The total statement of nonverbal communication gives us the clues on whether a smile is unfriendly or full of merriment
Heidi Emmerling, RDH, BS
Chin up. Grit your teeth. Keep a stiff upper lip. Bare your teeth. These expressions describe behavioral and emotional states in terms of body language and nonverbal communication. These phrases express emotion, but they also express an action that symbolizes that emotion.
But the meanings of these actions are far from universal. Since, as a hygienist, you are in the smile biz, take something so seemingly simple as a smile. "We all smile in the same language," claim some. However, if you look closely, you realize that you smile at your patients, the dentist, the receptionist, the assistant, your spouse, your children, and your neighbors. And very few times do these smiles have real significance.
A smile becomes an `odd` message
Ray Birdwhistle, the world`s leading authority on kinesics (the study of the meaning of bodily gestures), writes that there is little consistency among those smiles. People from Ohio, Indiana, and Illinois smile more often than those from Massachusetts, New Hampshire, and Maine. The latter smile more than those in western New York. The highest incidence of smiling was in Atlanta, Louisville, Memphis, and Nashville. While it may be perfectly appropriate for a young woman to smile among strangers in Atlanta, such behavior would be highly inappropriate in Buffalo. In one part of the country, an unsmiling person would be asked, "What`s wrong?" In another, a smiling person would be asked, "What`s so funny?" Thus, smiling is not necessarily a natural gesture of expression.
Birdwhistle maintains that the presence of a smile in a particular context can mean pleasure; in another, humor; in others, ridicule; and in still others, friendliness or good manners. Smiles have been seen to indicate doubt, acceptance, equality, or subordination. Smiles occur in situations where insult is intended. In other situations, a smile is a denial of insult.
It is impossible to know what a smile (or any other nonverbal message) means until its context and variability is understood from society to society. You cannot separate the so-called message of the nonverbal code from where it is taking place. Just as spoken language alone will not give you the full meaning of what a person is saying, body language alone will not give you the full meaning.
In order for communication to take place, it must go through what is called a communication model. This model is composed of:
- The sender of the message (you, for example).
- The encoding process (how you present your message).
- The receiver (perhaps your patient).
- The decoding process (how the patient interprets the message).
- The channel (how the message is transmitted: your words, a brochure, a demonstration on a typodont, etc.).
- Feedback (the patient acknowledging to you that he got the message). Nonverbal cues that show your patient is listening to you and you are listening to him facilitates good communication. This often is shown through leaning forward, good eye contact, nodding heads, raising eyebrows, and smiling. However, if one of you leans back and crosses the arms or legs, this could be a signal of disagreement.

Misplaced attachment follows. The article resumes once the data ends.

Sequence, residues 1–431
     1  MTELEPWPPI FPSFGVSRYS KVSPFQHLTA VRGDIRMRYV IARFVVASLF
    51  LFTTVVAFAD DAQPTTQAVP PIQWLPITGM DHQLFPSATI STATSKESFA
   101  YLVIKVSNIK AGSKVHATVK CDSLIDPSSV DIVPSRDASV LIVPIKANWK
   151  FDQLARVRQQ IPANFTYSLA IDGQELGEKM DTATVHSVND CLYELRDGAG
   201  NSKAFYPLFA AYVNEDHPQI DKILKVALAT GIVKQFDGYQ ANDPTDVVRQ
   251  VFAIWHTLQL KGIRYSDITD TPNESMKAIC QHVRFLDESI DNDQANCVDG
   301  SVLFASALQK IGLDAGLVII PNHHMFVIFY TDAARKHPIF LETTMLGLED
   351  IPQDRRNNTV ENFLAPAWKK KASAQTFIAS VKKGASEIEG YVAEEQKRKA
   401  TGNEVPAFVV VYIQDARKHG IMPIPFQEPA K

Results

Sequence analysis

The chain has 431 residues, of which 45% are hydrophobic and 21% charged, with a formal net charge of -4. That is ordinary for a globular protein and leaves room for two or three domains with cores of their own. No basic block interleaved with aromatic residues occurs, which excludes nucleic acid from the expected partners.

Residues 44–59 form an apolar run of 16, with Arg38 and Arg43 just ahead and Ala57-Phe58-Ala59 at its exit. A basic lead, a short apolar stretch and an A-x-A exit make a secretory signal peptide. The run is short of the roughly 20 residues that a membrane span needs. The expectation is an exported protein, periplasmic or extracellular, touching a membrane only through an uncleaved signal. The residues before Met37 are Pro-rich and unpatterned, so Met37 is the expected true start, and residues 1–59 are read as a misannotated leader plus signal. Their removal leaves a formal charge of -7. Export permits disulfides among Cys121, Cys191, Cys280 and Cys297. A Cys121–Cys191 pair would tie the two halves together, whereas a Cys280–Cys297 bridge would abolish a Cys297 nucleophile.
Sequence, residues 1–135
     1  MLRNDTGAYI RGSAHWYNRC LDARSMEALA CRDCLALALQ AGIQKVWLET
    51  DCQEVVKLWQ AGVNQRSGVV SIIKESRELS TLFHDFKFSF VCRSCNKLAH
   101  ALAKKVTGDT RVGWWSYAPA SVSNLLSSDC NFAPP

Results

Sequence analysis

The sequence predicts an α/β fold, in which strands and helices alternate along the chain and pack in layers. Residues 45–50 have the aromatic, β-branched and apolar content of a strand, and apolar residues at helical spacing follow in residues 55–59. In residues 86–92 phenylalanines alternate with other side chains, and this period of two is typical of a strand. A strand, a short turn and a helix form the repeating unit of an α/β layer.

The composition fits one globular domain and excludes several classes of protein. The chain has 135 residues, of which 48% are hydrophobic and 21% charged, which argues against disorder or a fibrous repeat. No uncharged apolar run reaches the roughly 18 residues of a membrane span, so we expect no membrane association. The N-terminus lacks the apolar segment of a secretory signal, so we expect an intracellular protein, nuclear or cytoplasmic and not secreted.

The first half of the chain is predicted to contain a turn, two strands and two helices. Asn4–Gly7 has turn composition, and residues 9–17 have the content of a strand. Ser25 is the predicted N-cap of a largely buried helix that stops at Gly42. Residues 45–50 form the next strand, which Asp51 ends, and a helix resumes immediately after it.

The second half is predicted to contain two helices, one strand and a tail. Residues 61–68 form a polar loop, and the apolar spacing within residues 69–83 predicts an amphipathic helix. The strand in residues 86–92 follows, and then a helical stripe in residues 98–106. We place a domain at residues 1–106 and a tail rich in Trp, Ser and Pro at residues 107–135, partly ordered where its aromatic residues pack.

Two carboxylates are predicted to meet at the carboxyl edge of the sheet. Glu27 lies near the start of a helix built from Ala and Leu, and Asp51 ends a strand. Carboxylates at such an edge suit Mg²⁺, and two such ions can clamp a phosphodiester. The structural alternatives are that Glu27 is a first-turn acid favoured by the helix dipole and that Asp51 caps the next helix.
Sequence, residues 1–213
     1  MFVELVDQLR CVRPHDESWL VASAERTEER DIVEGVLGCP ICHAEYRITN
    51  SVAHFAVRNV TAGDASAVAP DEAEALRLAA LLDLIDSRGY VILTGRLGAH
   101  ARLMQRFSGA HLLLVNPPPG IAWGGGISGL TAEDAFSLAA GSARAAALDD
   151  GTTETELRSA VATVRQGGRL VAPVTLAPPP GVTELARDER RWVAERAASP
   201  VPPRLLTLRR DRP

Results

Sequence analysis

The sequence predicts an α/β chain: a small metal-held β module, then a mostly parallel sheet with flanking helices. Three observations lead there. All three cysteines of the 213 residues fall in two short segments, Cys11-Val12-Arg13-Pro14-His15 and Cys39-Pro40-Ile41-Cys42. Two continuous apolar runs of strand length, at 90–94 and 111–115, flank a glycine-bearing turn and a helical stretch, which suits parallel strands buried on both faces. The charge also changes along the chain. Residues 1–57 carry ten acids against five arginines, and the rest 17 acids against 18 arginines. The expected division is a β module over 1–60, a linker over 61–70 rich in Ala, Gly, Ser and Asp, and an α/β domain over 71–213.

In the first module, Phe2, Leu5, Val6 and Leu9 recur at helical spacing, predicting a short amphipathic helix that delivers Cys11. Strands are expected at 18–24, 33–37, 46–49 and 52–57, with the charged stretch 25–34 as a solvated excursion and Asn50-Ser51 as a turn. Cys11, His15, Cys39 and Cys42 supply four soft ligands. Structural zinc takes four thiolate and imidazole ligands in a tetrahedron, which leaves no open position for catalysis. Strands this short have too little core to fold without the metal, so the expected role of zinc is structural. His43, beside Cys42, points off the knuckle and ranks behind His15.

In the communication model above, there are two influences: the environment and the noise. The environment is where the communication takes place - usually the operatory, if we`re dealing with patients. This puts limits and constraints on you. Generally, there are certain messages that are and are not appropriate to send in the operatory, based on the unwritten rules of office decorum. For example, you probably wouldn`t raise your voice and yell at a patient.
Noise is anything that interferes with communication. It can be psychological noise (the patient tuning out), physical noise (a patient who is hard of hearing and you wearing a mask), or environmental noise (the handpiece operating in the background).
Nonverbal communication has certain characteristics. First, it exists without any formal education. It is learned through being a member of a certain culture. You don`t go to school, for example, to learn how to stand in an elevator or how close to stand to someone in the checkout line at the grocery store. You learn these rules through observation and, perhaps, by inadvertently breaking them, and then by systematically applying and bending them.
Another point is that you are never not communicating. How you act, what you look like, how you are built, where you are, your clothes, your hair-these are all sending messages and, others, right or wrong, are interpreting these messages.
Nonverbal codes are ambiguous. You always need to look at the context. An umpire raising his finger at a baseball game has a different meaning than someone raising a finger at an auction. Also, the "O" ring symbol in our culture means good or OK. If you do that in France you are telling someone they are worthless since the "O" means zero. In South India or Mexico, the same gesture is an obscenity since it signifies an orifice.
Depending on the context, a fist with a thumb sticking out can mean either thumbing a ride or get lost. The way you sit while you are cleaning the patient`s teeth in the operatory (legs spread, your face within inches of the patient`s) would have a totally different meaning to the patient were you to sit in exactly the same manner in the reception area.